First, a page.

I was a whore. An entirely awesome prostitute. Working alone through an independent agency. The sex I had was legal. No, I do not feel shame.
During this time, I was raped, beaten up, threatened, bullied, coerced and brought into the world of drugs. I was a maverick, working alone, and the UK law is ok with lone prostitutes and their clients. If I had tried to increase my margin of safety and emotional support by sharing my flat with a couple of other girls, we would all have ended up in jail (on your tax pennies) for being a brothel. France has recently just made paying for sex illegal, and many people here in the UK are advocating we do the same. Let me convince you otherwise.
People prostitute for lots of reasons, but usually the root cause is our social system has failed them. Many of my friends were also sex workers. We'd hook up for drinks, chat, gossip. Like most, I hadn't chosen to be a prostitute. If you insist there was choice, then these choices were direly constrained. I was unemployed, alone, unentitled to benefits, and all the 'institutional social nets' really couldn't care less. We chronically fail as a supportive society outside of the rhetoric lies of "we're in it together". My xxx are we!
I needed to pay my rent on a mouldy basement flat in Leith, otherwise homelessness on the streets awaited. I already knew what that was like after having lived on the streets of Marseille for a while. I needed to eat. I very nervously began prostituting, and I became very good at it, making the traverse from cheap prostitute to expensive high class escort. I learned a great deal about people, hypocrisy, class, law and crime. Meeting some 'bad' people who had great ethics, and socially acceptable people in high positions who were worse than criminals. But I would like to talk to you about our laws on sex. They're a mess. We're even thinking about making them worse and following France.
Some old posh dudes with outdated Victorian morals once had a laugh and wrote the Sexual Offences Act 1956, steered by the Wolfenden Committee. It made it illegal for men to solicit (seek) prostitutes, or for prostitutes to organise together into brothels, along with other absurd laws such as making it illegal to have sex with "imbeciles and defective idiots". This document was only significantly updated regarding prostitution by the Sexual Offences Act 2003 which made paying for sex legal, but kept pimping (controlling a prostitute) and brothels illegal. In 2008 the Policing and Crime Bill was added, making it an offense for a person seeking sex to be caught with a person being pimped.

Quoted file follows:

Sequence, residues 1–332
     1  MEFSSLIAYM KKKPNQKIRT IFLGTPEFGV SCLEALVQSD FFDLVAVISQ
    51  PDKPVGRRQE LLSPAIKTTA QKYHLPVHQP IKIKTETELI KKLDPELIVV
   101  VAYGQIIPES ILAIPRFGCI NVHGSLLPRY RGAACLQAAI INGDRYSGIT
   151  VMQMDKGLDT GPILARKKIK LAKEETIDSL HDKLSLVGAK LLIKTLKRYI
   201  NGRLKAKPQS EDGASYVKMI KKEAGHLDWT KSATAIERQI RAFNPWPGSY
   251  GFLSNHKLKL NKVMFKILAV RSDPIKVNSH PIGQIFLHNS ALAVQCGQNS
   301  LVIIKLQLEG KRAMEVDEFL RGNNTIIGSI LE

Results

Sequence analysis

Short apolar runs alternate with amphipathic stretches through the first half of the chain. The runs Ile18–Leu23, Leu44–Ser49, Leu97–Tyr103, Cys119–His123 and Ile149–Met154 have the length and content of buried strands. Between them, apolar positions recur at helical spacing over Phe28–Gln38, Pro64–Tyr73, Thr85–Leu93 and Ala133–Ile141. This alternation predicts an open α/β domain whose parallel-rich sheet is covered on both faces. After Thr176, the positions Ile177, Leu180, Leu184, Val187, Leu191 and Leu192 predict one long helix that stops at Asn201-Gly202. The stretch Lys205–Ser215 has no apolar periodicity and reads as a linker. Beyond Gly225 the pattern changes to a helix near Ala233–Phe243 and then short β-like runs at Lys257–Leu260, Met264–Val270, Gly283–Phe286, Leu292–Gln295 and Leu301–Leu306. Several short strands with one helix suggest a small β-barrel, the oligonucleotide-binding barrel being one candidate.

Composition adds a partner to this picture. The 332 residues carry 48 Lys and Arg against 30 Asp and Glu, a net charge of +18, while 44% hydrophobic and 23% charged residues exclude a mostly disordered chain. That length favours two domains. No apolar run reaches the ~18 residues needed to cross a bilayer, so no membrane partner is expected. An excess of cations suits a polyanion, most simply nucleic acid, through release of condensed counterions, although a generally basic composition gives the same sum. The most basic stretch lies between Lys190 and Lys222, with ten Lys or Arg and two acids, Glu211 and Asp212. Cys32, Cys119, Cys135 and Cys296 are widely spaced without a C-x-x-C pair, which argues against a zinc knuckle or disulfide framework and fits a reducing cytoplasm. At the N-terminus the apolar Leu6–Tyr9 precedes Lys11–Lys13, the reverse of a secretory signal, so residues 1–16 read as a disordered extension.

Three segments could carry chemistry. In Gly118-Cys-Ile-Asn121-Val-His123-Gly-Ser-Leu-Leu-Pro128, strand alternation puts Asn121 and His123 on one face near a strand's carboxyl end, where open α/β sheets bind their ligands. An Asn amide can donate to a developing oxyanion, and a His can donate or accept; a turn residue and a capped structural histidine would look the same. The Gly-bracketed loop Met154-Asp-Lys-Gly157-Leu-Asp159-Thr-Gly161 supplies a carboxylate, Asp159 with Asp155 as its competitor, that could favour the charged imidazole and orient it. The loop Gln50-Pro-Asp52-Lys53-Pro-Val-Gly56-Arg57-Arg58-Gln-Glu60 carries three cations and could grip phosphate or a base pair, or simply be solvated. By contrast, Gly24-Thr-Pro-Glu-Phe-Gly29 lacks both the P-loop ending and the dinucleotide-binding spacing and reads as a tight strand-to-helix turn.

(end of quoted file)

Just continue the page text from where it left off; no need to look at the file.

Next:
Good! I hear you cry.
"Brothels are hotbeds of illegal trafficking and exploitation".
"Pimping and prostitution are grossly immoral and abusive".
"Someone caught having sex with someone being pimped should be charged".
You may applaud the law for the 'difficult' job they do, despite the fact that police are usually either apathetic to abuse, or are active in manipulating and taking advantage of prostitutes. The people voicing these sentiments are nearly always those who lead clean, comfortable, safe, comparatively affluent lives far removed from the lived reality of sex work. Such advocates are promoting laws born from ignorant privilege, which damagingly govern the cognisant disadvantaged.
Trafficking vulnerable people into the country for forced prostitution is a major problem. I have experienced and written about this in India. Full legalisation combined with an informed UK regulated framework of the sex trade will help solve such problems by working with prostitutes. Sex workers will feel more empowered to approach and report trafficking cases in a system where their own activities are entirely legal. Prohibition simply drives the sex trade underground and dialogue stops, ultimately making trafficking and abuse easier and simpler for the traffickers, not harder.
For positive changes to happen, prostitutes and former prostitutes need to be engaged and consulted with the process of politics and law making, not shunned, shamed and marginalised. If we follow the example of France regarding prostitution laws, all we do is muddy an already confusing legal landscape where prostitution is quasi-legal. Advocates may claim that the law does not penalise and punish the prostitute, only the client. This is another argument from ignorance. If the clients are driven underground, so is the sex worker.
Laws do not and will never stop the trade of sex. Decreeing sex work illegal simply puts already vulnerable people in greater danger. Social integration, discourse and an informed flexible legal structure is the way forward. Prostitutes need platforms, not cells.